Surrounded by the reddened earth of southern Africa, a brilliant sunrise indicates another scorching day of sunshine and dust. Birds scatter in fright as the silence is broken by the approach of a roaring V16 truck. Box Hill Institute’s Class of 2018 gets underway at 7am and the arrival of a truck at the Zambian copper mine announces the start of the next assessment.
Young mother and Box Hill Institute student, Thelma Mwafulilwa climbs down the 20 steps from the truck cabin – her office – to begin training her newest recruits. The truck she drives and is training her colleagues to drive is a 480 tonne Hitachi Eucalid capable of carrying 250 tonnes of copper-rich ore on the mine site in the north-western province of Zambia.
Box Hill Institute Institute’s client Barrick Gold Corporation operates the Zambian copper mine producing around 120,000 tonnes of copper annually from a mine site the size of nearly 6,000 MCGs.
Thelma is studying with Box Hill Institute to be a trainer and assessor for the ongoing Driver Education program for the mine’s fleet of more than 60 on site trucks with 5 more on the way.
With staff imparting mining and driving knowledge and skills to fellow employees in their adverse conditions, the Enterprise Trainer and Assessor Skill Set was chosen from the Certificate IV in Training and Assessment (TAE40116) to provide standardised benchmarks across the corporation, as part of the Barrick’s Competency Based Employee Development program.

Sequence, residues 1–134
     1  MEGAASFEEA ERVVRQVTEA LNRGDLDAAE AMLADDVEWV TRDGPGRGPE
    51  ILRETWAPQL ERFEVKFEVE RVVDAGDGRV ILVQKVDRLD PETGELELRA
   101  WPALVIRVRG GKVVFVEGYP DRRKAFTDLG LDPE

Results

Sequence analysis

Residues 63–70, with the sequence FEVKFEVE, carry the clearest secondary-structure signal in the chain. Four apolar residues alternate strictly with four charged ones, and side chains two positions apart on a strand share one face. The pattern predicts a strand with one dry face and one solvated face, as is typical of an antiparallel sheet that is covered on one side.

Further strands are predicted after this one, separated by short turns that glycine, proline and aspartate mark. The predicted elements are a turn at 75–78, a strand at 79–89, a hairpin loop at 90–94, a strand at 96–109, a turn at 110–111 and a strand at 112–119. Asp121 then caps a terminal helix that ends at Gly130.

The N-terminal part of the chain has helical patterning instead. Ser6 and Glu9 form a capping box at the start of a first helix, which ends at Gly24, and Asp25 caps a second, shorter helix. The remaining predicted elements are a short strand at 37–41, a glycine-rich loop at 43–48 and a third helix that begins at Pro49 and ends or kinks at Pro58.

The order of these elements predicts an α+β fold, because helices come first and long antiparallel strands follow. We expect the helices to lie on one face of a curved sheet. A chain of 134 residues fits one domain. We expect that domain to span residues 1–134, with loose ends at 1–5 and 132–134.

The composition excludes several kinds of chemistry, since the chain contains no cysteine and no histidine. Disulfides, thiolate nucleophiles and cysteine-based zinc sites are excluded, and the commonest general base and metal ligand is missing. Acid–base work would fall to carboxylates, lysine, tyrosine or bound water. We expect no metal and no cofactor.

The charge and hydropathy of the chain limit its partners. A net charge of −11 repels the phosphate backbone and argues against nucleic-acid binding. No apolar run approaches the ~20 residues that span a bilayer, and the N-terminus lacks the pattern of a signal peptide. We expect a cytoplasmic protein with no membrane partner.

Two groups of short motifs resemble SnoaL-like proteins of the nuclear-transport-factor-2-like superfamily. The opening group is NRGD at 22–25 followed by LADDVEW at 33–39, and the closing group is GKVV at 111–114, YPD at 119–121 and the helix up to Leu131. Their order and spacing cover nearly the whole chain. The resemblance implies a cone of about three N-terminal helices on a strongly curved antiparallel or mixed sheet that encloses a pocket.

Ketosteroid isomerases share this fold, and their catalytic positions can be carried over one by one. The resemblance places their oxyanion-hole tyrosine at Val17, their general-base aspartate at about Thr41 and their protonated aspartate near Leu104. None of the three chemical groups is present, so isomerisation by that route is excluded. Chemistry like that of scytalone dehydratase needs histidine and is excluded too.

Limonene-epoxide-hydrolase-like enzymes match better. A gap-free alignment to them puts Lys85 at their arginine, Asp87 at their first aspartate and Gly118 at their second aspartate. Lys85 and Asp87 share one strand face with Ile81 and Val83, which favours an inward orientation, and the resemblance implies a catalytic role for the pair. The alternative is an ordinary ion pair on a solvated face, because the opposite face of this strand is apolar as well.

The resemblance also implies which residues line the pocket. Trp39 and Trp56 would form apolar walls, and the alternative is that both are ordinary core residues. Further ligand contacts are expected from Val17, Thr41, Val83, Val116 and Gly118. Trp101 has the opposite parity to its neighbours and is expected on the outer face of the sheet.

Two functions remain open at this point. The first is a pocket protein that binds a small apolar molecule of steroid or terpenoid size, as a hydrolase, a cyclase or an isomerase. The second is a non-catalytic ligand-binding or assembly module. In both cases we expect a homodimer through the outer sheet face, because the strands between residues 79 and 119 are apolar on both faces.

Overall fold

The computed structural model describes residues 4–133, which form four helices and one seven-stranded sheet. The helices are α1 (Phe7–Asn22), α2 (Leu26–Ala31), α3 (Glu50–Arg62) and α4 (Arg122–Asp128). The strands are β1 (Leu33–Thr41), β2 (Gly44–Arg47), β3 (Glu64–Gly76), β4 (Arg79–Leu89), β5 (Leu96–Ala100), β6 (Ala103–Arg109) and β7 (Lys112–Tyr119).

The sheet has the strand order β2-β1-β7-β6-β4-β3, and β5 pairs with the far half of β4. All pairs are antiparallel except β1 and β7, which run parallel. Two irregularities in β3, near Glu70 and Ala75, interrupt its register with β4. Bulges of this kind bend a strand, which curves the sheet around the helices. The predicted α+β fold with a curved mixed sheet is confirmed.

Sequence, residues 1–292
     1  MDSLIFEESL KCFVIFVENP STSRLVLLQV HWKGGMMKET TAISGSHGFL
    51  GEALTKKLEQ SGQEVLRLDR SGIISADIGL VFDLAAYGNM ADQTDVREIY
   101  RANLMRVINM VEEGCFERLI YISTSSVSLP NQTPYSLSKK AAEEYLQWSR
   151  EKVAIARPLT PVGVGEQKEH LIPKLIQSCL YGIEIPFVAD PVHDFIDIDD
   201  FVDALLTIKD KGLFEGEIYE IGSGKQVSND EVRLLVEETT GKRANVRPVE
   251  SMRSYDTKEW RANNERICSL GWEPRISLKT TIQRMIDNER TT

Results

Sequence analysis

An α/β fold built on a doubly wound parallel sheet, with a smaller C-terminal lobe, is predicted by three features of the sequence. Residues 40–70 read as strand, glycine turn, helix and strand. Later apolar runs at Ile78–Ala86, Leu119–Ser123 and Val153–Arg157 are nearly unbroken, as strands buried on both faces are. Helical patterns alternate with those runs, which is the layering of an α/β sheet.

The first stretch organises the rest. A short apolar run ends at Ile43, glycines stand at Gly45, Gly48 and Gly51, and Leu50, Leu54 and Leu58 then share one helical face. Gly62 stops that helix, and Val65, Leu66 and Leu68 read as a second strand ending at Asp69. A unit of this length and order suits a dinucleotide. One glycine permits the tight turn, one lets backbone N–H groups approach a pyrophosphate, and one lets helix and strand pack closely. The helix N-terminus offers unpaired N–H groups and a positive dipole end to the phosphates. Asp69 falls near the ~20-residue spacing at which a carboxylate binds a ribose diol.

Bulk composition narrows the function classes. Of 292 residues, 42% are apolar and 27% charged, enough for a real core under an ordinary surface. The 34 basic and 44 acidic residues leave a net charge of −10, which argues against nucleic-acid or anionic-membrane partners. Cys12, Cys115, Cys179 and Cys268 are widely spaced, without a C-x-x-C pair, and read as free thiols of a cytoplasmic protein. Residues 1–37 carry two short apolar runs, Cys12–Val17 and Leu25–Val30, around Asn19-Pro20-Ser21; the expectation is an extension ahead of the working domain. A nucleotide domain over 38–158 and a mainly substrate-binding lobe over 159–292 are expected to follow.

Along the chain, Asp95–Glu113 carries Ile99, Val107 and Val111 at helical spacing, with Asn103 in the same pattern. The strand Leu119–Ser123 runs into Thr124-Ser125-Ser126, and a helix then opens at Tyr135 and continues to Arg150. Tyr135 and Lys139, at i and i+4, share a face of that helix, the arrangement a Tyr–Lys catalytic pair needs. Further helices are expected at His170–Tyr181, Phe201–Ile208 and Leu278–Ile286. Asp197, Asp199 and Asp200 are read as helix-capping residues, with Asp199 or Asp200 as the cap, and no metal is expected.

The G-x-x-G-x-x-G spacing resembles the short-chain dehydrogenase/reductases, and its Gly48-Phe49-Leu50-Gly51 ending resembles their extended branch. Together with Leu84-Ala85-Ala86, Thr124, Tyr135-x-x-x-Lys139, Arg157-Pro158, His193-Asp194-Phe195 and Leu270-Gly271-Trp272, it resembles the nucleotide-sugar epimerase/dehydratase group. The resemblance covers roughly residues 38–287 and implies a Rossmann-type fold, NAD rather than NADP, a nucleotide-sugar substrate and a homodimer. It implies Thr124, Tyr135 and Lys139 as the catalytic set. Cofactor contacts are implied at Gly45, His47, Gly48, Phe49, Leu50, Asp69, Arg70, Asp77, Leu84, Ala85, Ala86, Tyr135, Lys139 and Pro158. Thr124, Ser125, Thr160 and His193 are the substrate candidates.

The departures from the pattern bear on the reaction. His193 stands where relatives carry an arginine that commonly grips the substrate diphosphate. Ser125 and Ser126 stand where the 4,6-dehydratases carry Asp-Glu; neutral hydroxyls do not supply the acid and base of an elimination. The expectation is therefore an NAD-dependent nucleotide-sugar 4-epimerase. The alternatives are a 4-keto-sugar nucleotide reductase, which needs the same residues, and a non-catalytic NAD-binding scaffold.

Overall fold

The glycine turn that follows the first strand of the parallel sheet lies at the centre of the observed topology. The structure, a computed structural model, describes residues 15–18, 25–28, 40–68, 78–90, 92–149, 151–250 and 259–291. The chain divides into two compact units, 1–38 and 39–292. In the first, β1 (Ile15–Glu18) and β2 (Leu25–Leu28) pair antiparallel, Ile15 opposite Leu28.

Thelma has been working on the mine for five years. Originally employed with her Diploma in Information Management, she moved to truck driving to support a training request for more females in the mine. Thelma said that it is commonly argued that the women are the best drivers on site. One of her closest mentors, also a trainer, is another inspiring young woman, a Box Hill Institute alumna who operates trucks that drill holes for the explosives.
Thelma’s immediate goals? To successfully complete her Box Hill Institute course in June and, when the new Eucalid 5000s arrive in August, to begin driving and training operators on the tenth largest truck in the world with a gross operating weight of 500 tonnes.
Thelma’s daughter thinks her mum is “amazing and extraordinary” and others are quick to agree. Standing tall at 1.7m, colleagues often joke with her that she is too small to drive the seven metre high truck with its four metre wheels.